If, as is believed, the Ever Given encountered 30kts of wind on the beam, the resultant force applied would be 270 tons directly against the ship. The average modern harbour tractor tug can produce 70-80 tons of force at full power. A 30kt beam wind, therefore, would be equivalent to having three harbour tractor tugs pushing against the ship at full power.

With the ship attempting to navigate a narrow channel, in poor visibility due to a sand storm, with gusts of up to 40kts at the time of the grounding, this most likely exceeded safety parameters.

Furthermore, this is not the first time the Ever Given has had such problems. On 9 February 2019, the ship struck and heavily damaged a 25-metre-long HADAG ferry boat at Blankenese, near Hamburg. Two minutes after the collision, a traffic ban on the Elbe river was issued due to high winds. The ferry was a total loss.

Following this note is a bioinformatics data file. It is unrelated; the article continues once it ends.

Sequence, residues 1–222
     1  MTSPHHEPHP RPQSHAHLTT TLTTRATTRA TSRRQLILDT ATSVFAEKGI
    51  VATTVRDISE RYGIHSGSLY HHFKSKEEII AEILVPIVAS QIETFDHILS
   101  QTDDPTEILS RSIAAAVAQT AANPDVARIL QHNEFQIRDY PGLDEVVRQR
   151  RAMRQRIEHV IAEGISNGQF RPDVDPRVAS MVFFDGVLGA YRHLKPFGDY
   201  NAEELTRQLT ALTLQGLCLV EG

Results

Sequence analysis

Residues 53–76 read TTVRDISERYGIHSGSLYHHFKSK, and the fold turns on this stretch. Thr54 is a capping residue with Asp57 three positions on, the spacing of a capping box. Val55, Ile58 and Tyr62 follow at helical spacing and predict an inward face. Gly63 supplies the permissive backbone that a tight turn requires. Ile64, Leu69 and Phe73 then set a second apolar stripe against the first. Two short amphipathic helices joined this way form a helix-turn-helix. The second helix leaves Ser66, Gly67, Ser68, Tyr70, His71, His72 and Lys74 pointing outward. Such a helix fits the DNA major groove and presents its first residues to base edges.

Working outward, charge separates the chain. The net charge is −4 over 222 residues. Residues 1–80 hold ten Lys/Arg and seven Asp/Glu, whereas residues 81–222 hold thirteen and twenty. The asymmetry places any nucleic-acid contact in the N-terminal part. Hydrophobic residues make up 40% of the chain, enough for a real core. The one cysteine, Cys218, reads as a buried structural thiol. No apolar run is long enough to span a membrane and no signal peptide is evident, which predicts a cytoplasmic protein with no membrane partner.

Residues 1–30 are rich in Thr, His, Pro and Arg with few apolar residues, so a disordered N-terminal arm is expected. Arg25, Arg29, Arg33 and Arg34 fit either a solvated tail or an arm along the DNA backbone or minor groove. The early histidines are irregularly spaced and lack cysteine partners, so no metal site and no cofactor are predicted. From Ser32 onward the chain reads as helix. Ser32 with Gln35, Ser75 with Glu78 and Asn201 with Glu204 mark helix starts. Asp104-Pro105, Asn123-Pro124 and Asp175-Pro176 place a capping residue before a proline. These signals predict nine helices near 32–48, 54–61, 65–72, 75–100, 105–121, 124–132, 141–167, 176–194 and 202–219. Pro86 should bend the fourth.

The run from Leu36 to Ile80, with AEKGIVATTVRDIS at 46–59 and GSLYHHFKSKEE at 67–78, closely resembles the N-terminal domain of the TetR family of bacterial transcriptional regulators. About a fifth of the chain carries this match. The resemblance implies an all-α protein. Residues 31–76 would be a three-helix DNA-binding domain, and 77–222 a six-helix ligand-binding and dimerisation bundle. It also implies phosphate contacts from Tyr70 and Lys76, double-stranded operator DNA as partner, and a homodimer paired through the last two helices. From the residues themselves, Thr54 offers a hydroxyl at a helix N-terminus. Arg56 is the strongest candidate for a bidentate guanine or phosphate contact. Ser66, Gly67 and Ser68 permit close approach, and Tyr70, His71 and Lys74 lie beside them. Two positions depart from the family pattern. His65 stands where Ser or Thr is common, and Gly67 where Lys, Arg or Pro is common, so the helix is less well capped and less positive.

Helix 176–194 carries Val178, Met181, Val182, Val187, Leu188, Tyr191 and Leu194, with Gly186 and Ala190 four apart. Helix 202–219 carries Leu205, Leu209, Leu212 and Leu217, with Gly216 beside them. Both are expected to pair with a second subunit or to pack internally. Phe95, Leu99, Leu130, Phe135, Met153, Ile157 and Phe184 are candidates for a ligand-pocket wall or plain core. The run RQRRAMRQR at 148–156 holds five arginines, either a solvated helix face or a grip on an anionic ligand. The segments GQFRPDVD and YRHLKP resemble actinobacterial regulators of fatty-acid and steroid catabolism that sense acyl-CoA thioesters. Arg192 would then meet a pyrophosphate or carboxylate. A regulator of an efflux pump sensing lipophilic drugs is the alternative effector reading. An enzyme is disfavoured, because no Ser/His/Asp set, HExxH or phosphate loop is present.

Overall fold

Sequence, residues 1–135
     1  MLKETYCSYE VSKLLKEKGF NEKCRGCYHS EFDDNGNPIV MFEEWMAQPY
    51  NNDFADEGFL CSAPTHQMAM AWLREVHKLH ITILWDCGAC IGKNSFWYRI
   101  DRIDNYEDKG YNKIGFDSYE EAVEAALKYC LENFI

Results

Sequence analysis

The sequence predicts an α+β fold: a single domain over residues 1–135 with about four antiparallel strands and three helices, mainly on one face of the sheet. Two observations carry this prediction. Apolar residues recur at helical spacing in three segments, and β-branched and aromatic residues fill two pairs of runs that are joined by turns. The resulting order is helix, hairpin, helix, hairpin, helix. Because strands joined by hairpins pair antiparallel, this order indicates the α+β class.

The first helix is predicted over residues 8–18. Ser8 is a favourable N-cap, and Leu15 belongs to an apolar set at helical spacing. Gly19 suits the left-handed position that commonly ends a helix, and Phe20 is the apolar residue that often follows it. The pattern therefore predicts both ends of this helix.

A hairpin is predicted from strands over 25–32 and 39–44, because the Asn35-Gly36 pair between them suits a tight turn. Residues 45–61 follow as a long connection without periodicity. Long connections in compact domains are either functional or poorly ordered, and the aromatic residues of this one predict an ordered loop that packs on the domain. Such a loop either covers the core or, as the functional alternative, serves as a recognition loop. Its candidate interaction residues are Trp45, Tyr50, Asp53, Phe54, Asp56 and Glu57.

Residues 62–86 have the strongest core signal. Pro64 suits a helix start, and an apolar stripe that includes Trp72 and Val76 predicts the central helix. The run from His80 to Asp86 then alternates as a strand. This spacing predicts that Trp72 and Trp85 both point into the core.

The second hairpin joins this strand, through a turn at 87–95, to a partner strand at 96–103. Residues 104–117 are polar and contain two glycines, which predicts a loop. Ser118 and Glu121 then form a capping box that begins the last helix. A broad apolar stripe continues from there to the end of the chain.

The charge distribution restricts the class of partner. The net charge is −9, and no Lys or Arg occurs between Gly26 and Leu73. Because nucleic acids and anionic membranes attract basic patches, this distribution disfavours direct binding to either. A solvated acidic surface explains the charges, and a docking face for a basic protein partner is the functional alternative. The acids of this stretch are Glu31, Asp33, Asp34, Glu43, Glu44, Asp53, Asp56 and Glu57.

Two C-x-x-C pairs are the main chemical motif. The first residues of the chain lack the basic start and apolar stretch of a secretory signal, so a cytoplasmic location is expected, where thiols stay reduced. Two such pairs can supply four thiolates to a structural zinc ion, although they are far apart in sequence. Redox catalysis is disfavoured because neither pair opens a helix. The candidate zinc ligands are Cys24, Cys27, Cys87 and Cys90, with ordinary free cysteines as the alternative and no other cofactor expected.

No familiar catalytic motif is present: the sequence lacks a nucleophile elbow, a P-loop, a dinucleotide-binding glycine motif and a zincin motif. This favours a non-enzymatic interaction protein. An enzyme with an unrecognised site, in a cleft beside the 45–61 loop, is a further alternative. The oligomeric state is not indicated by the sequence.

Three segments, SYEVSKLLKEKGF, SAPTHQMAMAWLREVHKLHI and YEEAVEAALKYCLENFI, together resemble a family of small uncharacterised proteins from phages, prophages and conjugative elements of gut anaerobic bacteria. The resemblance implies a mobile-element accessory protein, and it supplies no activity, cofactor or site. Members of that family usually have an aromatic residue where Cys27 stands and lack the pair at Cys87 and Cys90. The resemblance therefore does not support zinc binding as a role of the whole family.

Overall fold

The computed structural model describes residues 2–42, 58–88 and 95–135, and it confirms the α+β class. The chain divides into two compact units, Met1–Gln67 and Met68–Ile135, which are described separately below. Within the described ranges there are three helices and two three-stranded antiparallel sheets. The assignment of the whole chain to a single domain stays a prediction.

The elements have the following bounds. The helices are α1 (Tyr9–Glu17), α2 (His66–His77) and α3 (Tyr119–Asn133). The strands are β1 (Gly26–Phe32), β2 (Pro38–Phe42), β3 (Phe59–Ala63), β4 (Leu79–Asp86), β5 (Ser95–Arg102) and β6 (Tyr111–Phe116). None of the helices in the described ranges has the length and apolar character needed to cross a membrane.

Such ships entering confined harbour spaces usually have heavy tugs to ensure station-keeping and, in the Panama Canal, ships are towed through lock sections by shore-based locomotives known as "mules", helping steer large ships and preventing them from hitting and damaging the canal banks. Even then, accidents happen.

To ensure maximum safety, heavy tugs and rescue equipment needs to be stationed close to hand, for use in emergency. That equipment in this incident is having to be pulled in from some distance, with the inevitable time lags, tells its own story.

Therefore, finishing, as before, on a political note, much here points to operations being pared down to minimum safety levels in order to contain costs. If that is what is powering Johnson's "Global Britain", then this might turn out to be an object lesson – that resilience comes at a price, one that could undermine the whole basis of his policy.

Also published on Turbulent Times.